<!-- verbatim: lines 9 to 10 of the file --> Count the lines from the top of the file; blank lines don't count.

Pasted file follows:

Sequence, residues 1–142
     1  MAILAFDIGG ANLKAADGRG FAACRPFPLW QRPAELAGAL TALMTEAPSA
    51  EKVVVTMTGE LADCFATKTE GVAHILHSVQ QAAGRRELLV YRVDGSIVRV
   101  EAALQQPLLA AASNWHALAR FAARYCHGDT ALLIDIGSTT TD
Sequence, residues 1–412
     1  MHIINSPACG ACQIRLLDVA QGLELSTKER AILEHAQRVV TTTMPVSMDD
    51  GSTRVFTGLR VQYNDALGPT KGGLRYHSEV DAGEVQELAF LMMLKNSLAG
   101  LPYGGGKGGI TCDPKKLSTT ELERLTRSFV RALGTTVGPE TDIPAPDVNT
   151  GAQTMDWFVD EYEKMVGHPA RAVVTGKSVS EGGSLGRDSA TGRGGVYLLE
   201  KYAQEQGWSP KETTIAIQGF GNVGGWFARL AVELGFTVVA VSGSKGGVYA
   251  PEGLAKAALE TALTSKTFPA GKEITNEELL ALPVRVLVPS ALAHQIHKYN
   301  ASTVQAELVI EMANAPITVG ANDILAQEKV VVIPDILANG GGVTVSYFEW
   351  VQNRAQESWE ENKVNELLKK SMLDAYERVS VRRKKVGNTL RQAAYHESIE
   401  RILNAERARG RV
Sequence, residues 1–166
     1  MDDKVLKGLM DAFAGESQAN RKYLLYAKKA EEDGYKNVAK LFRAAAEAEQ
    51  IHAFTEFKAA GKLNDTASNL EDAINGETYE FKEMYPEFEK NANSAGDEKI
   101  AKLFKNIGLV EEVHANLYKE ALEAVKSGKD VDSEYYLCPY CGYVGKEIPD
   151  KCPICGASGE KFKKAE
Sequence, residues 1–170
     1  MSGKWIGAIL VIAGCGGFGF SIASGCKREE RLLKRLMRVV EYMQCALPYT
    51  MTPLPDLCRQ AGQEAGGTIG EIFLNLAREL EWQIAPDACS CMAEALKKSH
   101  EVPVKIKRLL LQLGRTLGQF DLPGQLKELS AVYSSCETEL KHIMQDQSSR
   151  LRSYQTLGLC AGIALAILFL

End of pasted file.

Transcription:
   151  GAQTMDWFVD EYEKMVGHPA RAVVTGKSVS EGGSLGRDSA TGRGGVYLLE
   201  KYAQEQGWSP KETTIAIQGF GNVGGWFARL AVELGFTVVA VSGSKGGVYA